I personally find that soccer is a sport that benefits from the lack of technology used during the game. As mentioned in a previous comment it would definitely slow the game down. One aspect I have noticed in European sports is that they rarely have stoppage in play in comparison to their American counterparts. Two examples of this are Rugby and Football, Cricket and Baseball. While both pairs of sports are very similar the European sports have a much more continues game flow. If leagues were to add coach’s challenges, and instant replay into soccer, it would disrupt the flow of the game that Europeans love the most.

    Soccer much like most team sports is one in which the referee’s calls invoke immense responses from the fans. These calls can drastically change the game in either teams favor. Sports captivate fans through their unpredictability. The referee is a big part of this, because of his power as a third party member who ideally holds no preference for either team. The emotion these calls can elicit from fans is like nothing else in the world, and forge a sense of unity between fans of all backgrounds alike. The power an individual referee’s call holds to change the game is a huge factor of the sport and without this their would be a significant change in feeling towards the game.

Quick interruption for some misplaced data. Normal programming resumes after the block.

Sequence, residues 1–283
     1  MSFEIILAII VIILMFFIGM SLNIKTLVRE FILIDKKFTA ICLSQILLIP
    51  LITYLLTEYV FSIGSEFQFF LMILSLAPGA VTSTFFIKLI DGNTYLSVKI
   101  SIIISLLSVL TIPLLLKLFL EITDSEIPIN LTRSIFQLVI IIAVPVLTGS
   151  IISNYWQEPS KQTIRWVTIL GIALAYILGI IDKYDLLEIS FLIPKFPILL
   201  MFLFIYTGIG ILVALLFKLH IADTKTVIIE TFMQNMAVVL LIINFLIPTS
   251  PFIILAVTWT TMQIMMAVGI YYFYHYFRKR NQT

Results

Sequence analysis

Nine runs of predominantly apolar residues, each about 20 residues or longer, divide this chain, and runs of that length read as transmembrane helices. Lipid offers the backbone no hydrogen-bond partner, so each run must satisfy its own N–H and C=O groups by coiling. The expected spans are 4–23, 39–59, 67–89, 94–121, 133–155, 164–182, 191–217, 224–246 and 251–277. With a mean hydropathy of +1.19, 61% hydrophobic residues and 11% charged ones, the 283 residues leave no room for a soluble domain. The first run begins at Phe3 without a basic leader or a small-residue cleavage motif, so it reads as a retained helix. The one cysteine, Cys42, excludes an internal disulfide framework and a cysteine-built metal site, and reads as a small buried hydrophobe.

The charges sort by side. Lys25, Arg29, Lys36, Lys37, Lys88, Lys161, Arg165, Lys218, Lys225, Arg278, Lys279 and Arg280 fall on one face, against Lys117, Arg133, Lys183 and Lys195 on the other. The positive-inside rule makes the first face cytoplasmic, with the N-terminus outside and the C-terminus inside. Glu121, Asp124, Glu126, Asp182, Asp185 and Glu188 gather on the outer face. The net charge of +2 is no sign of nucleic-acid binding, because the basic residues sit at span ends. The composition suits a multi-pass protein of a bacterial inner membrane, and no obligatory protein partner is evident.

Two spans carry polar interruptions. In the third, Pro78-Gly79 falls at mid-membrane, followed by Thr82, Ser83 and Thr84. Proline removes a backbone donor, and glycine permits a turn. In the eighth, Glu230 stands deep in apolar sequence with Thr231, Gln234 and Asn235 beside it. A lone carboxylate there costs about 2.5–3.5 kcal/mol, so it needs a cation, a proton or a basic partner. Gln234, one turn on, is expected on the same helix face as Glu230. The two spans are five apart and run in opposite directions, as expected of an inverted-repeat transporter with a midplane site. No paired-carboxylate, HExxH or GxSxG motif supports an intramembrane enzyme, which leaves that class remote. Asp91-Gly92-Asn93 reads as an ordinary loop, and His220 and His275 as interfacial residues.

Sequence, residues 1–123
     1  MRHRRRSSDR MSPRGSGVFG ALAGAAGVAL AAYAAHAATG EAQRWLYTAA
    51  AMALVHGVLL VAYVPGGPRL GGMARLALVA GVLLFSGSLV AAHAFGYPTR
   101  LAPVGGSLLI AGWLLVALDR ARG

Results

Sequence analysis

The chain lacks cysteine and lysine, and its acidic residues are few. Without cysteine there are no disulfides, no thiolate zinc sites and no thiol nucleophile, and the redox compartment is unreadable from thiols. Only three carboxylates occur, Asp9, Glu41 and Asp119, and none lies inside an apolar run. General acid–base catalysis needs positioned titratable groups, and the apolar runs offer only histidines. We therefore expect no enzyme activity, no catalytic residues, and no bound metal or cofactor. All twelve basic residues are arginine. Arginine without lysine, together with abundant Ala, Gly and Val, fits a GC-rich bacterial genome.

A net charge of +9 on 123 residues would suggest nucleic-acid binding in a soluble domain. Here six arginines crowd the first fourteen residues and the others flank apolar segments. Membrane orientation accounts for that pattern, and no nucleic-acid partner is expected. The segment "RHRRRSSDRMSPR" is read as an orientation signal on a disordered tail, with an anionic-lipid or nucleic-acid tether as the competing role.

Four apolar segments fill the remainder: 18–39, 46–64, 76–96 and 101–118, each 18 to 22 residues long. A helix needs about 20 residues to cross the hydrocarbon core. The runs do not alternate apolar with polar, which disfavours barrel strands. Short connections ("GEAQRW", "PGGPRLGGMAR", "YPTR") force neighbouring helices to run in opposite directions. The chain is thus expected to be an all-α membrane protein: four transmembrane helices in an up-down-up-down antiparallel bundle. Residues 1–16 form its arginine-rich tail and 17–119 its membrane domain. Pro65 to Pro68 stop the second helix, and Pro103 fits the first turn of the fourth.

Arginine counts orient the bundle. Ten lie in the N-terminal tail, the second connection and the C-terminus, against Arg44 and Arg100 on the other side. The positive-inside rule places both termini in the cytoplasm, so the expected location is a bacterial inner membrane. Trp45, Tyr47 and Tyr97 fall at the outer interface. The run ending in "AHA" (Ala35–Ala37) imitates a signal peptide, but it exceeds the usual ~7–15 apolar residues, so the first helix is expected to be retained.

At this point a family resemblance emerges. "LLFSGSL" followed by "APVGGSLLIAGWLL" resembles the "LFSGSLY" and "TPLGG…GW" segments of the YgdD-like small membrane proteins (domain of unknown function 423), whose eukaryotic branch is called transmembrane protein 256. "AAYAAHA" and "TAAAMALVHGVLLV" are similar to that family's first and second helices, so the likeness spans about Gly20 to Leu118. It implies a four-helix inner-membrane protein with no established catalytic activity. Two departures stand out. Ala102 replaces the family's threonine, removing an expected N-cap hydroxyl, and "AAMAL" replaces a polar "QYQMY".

Reply
  5. Breanna Atkinson

    I agree with you that there are missed called that can easily be fixed with the latest technology that has been introduced to sports. I agree with the comment above in the sense that soccer is a very continuous sport, fewer timeouts, breaks and replays than most sports we see here in America. Although calls would be more effective, it would definitely slow the pace of the game down. I guess the final answer comes down to what’s the most important, accuracy in calls or keeping the “traditional” game going?

    Reply
  6. Carrie Mittl

    I believe that soccer has not implemented instant replay because it would take away from the fast-paced nature of the game. Even the goal line technology allows the referee to know the correct call within seconds, allowing for a smooth transition between the call and the next play. If soccer implements anything like the NFL challenge flag, the game will be stopped unnecessarily and take away from the authenticity that 2 halves, 2 chunks of time allows for in terms of the pace of the game. One of my pet peeves is when players get scrappy and the referee has to stop the game a lot because now the focus is on moments of the game when the clock isn’t even running. Where is the fun in that?

    Reply